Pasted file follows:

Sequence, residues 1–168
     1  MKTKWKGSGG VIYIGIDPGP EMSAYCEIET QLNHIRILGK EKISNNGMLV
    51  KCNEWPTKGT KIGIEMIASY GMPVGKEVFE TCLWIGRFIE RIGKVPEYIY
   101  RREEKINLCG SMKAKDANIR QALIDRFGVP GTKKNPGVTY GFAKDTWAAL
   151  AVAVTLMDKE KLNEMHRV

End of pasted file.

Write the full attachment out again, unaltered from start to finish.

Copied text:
Sequence, residues 1–168
     1  MKTKWKGSGG VIYIGIDPGP EMSAYCEIET QLNHIRILGK EKISNNGMLV
    51  KCNEWPTKGT KIGIEMIASY GMPVGKEVFE TCLWIGRFIE RIGKVPEYIY
   101  RREEKINLCG SMKAKDANIR QALIDRFGVP GTKKNPGVTY GFAKDTWAAL
   151  AVAVTLMDKE KLNEMHRV